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Appalachian Hardwood Sustainability Improves

Woodworking Network
March 8, 2012
Category: Forestry
Region: US East, United States

HIGH POINT, N.C. – The growth of the Appalachian Hardwood forest is outpacing removals by 2.45, an increase of five percent in the past five years. The hardwood resource in the 12 eastern U.S. states is banking more trees for the future, according to updated analysis by the U.S. Department of Agriculture. The greater inventory is the result of modern forest management, wise utilization and a decline in the world economy.

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Otterton Hill trees felled to tackle ‘killer plant pathogen’

BBC News
March 8, 2012
Category: Forestry
Region: International

Hundreds of trees are being cut down on a Devon estate to prevent the spread of a killer plant pathogen with no cure, site managers have said. About 25 acres (10 hectares) of mature Japanese larch trees are being harvested on Otterton Hill to stop them contracting Phytophthora ramorum. Landowner Clinton Devon Estates, said the move would help rescue a 50-year-old crop of timber.

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Is the government planning a further U-turn on selling our forests?

There are many battles still to be won to protect our forest heritage and public pressure remains crucial
The Guardian UK
March 6, 2012
Category: Forestry
Region: International

When I challenged the government in January over its incoherent plans for the forestry estate, I was dismissed as “hysterical” by the Defra minister for forests, Jim Paice.  A little discourteous, to say the least. But far more worrying was the fact that the minister, in answering my question, then appeared to try to conceal the government’s original intentions on the hugely controversial forest sell-off. …What I will say is that there is a glimmer of hope in these two contradictory statements. It looks as if the government is planning a further U-turn on selling off our forests, and in preparation for this, is trying to rewrite history

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Safety summit aims to reduce forestry fatalities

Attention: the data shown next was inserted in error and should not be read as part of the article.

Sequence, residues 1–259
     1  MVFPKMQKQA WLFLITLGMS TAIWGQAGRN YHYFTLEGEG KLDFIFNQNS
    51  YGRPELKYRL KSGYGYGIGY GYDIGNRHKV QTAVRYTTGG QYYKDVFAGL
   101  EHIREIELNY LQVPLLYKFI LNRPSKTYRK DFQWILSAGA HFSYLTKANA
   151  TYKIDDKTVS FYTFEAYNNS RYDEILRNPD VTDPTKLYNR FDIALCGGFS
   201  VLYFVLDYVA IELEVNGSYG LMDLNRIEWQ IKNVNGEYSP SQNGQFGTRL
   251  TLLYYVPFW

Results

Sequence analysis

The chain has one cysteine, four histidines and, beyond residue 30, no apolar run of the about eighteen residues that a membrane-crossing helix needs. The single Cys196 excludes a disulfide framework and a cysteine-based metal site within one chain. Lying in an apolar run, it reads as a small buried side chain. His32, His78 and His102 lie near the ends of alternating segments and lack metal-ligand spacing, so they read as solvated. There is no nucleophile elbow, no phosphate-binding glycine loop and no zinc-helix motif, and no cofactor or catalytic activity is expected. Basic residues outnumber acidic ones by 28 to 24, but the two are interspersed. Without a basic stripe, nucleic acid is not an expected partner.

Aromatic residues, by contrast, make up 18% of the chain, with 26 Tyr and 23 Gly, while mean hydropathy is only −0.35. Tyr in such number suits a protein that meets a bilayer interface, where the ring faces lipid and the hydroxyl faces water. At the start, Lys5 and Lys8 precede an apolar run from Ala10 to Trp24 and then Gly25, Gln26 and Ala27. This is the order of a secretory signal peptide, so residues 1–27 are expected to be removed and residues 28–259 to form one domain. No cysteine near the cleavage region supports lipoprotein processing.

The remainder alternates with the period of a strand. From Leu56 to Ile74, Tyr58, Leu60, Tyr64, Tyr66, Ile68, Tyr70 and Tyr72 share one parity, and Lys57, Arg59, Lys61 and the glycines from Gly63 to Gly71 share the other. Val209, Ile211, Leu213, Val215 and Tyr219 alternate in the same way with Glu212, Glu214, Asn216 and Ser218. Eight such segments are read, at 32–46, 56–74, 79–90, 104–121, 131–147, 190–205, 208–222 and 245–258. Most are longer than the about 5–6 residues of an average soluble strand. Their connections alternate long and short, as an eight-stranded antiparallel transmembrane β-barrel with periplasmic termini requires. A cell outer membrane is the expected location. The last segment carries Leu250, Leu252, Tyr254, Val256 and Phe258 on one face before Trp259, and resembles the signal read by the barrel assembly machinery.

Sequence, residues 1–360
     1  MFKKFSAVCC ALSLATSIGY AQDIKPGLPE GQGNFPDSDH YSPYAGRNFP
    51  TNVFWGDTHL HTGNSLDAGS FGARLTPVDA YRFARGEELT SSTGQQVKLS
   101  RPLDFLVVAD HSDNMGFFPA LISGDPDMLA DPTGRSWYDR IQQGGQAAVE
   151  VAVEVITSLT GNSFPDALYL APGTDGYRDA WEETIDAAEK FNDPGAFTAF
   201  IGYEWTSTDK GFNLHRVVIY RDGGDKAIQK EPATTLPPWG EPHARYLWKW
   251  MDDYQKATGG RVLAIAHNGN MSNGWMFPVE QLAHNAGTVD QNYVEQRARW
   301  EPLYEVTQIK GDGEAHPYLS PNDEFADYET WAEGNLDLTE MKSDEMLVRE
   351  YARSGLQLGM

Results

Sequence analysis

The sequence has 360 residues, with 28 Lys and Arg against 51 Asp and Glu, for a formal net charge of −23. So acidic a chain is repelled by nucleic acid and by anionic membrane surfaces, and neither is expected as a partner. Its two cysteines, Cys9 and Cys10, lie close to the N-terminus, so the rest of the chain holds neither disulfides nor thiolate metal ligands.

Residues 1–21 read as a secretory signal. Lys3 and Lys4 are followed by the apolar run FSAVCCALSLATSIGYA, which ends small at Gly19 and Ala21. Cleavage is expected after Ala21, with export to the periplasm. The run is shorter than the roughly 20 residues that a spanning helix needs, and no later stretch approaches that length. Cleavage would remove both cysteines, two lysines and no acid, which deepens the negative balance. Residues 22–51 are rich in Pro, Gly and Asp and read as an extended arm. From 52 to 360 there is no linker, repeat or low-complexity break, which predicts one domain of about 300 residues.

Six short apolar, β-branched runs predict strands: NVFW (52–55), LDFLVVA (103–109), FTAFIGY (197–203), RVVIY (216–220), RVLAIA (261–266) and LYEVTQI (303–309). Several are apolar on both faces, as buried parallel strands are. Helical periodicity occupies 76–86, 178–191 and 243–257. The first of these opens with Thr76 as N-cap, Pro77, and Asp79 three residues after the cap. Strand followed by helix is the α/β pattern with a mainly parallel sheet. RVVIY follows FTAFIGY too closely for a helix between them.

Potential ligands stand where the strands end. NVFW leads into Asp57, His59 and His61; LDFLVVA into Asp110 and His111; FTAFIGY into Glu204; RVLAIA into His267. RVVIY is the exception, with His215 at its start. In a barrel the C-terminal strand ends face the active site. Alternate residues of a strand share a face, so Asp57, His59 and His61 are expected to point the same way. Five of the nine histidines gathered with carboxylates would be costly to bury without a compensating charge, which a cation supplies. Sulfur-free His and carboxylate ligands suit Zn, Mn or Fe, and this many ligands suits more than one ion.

Health and Safety Executive (press release)
March 7, 2012
Category: Forestry
Region: International

Safety champions and forestry industry leaders met this week to tackle the high rate of fatal and major injuries in the industry. The two day summit, at Forestry Commission Scotland’s headquarters in Edinburgh, was chaired by the Health and Safety Executive (HSE) and involved representatives from organisations within the industry, as well as the Forestry Commission, unions and local authorities. In the five years up to March 2010, there was an average of 10.4 fatalities per 100,000 workers in the forestry industry. This is one of the highest fatality rates of any employment sector in Great Britain, and is more than three times the fatality rate for the construction industry.

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Brazil’s forests at risk under proposed law, critics say

Monsters and Critics.com
March 8, 2012
Category: Forestry
Region: International

Brasilia – Just three months before world leaders gather in Rio to celebrate the 20th anniversary of the Earth Summit, Brazil’s forest laws remain at the centre of a drawn out controversy. The government of Brazilian President Dilma Rousseff is trying to get through Congress a new Forest Code which environmental protection organizations have already slammed as a major blow to the country’s efforts to halt deforestation. Now the farming lobby is working to get legislators to water down the text even more.

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Green groups oppose Oakeshott’s forest waste plan

ABC News, Australia
March 9, 2012
Category: Forestry, Carbon, Climate & Bioenergy
Region: International